Time for a ‘Korean process’
As a divided country since an ambiguous truce after the Korean War, we have had our share of crises as we overcame serious constitutional emergencies, the impeachment of Park Geun-hye and the election of a new president. Meanwhile, North Korea has focused on developing nuclear weapons and missiles as the only way to secure the safety of its regime for the past two decades. It has reached a dangerous stage, bringing South and North Korea and neighboring powers into a nuclear war.
In addition to the inter-Korean confrontation, the seriousness of the Korean Peninsula crisis lies in my ominous prediction that we may be dragged into an unavoidable clash between the United States, the existing hegemon, and China, the emerging superpower. At this juncture, the first summit between U.S. President Donald Trump and South Korean President Moon Jae-in was a significant meeting that will determine the direction and future of the Korean Peninsula and Asia at the crossroads of war and peace. There were concerns over their differences in positions on Thaad deployment and a possibility of misunderstanding. However, it is fortunate — and natural — that the meeting between the two new presidents concluded on a friendly note.
But only three days after South Korea and the United States reaffirmed their commitment to defend democracy and peace in any adversity, North Korea successfully launched an intercontinental ballistic missile, aggravating the situation on the peninsula. Compared to Moon and Trump’s strong warning and UN Security Council sanctions, Chinese President Xi Jinping and Russian President Vladimir Putin’s joint declaration to urge resolution through talks could be seen as some signal of a Cold War 2.0 starting.
The Cuban missile crisis, in which the United States and Soviet Union brought the world on the verge of a nuclear war in 1962, and a North Korea-ignited Cold War 2.0 would be clearly different. Above all, the United States is dealing with China and North Korea, not the Soviet Union. The missiles to be deployed in Cuba were Soviet nuclear weapons and missiles. What is targeting the United States today is a North Korean-made missile. But China could end up being the main player in a Cold War 2.0.
Throughout the Cold War, the United States and Soviet Union were able to avert a nuclear war because they shared a mutual understanding that it would bring destruction to humanity. After the Cold War, they recognized China as the only nuclear state in East Asia and have defended peace. But North Korea declared it would become the second nuclear state in the region and sought to go down the atomic path. China is the only neighboring power that can foil that ambition, but it seems to lack intention or capability. As a result of the strategic ambiguity, a Cold War 2.0 between the United States and China and a nuclear war sparked by North Korea are becoming real possibilities.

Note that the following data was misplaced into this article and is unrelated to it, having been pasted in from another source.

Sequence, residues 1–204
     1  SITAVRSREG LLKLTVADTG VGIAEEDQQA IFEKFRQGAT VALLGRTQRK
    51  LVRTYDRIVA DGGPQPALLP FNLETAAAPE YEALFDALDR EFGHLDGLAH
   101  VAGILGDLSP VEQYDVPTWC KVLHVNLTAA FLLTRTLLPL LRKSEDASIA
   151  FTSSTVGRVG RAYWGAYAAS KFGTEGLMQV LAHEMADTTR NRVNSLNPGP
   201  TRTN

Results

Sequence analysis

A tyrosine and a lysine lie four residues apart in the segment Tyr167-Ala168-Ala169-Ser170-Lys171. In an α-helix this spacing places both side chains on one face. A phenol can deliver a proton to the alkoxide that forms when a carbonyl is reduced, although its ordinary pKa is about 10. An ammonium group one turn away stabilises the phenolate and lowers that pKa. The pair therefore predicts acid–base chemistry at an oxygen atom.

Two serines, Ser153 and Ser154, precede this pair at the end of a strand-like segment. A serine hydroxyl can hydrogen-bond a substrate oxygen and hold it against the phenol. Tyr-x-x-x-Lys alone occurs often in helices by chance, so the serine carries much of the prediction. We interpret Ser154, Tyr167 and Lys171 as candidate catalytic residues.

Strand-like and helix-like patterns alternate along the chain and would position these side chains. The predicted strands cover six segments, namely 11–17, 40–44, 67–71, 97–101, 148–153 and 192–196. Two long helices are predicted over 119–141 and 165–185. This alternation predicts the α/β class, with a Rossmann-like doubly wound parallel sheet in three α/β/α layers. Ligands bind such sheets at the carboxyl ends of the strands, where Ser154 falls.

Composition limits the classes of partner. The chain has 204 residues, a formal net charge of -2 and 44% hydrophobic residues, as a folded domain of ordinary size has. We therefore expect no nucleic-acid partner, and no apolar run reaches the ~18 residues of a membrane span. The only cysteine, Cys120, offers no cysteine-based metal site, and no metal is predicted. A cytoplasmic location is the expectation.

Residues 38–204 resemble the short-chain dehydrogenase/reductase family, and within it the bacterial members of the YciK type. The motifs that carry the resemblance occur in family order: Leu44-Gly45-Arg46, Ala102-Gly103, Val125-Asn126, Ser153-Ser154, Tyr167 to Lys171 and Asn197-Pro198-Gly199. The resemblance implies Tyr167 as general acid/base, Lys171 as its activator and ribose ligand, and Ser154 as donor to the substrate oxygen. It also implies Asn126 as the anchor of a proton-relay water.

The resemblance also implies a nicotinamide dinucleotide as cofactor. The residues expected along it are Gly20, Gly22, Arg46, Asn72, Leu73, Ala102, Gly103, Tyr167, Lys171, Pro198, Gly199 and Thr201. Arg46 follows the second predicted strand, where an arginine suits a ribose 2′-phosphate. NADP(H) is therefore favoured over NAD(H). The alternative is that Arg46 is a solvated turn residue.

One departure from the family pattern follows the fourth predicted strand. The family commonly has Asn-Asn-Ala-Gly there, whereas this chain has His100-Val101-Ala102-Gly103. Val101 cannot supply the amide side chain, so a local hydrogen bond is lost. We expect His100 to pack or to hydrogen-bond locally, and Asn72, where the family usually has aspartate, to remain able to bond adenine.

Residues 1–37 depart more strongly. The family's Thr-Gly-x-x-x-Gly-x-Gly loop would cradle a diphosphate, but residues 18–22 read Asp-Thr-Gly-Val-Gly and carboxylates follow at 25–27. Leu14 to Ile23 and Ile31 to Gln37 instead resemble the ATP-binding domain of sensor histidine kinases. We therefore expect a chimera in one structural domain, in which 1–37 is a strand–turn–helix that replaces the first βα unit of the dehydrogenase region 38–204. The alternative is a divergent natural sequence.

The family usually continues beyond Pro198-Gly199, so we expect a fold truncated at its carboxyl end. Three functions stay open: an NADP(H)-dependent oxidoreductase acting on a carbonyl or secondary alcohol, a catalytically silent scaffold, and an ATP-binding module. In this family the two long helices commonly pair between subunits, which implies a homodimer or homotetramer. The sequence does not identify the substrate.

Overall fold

South Korea is a nation that pursues peace, coexistence and co-prosperity based on its geopolitical conditions and cultural traditions. Therefore, it is focused on continuing its special alliance with the United States, which promotes democracy and internationalism, and nurturing mutually friendly relationships with all Asian neighbors and the global community. As international relations become tense, South Korea and the United States will defend democracy that values people the most, seek the path of internationalism and block war, especially a nuclear war. With this ideal, the alliance is going strong.
When President Trump leads the United States as the front-runner of peace-defending internationalism based on the principle of reciprocity and President Moon shows understanding toward North Korea and advocates becoming a partner with all neighbors including Pyongyang, it will be an opportunity to bring new vitality to democracy in crisis. A crisis can become an opportunity. Just like the “Helsinki process,” the starting point of establishing a peaceful system in Europe during the late 1970s, now is the perfect time to launch a Korean counterpart in Asia, with South and North Korea, the United States and China as the main players.
Translation by the Korea JoongAng Daily staff.
JoongAng Ilbo, July 8, Page 27
*The author, a former prime minister, is an adviser to the JoongAng Ilbo.
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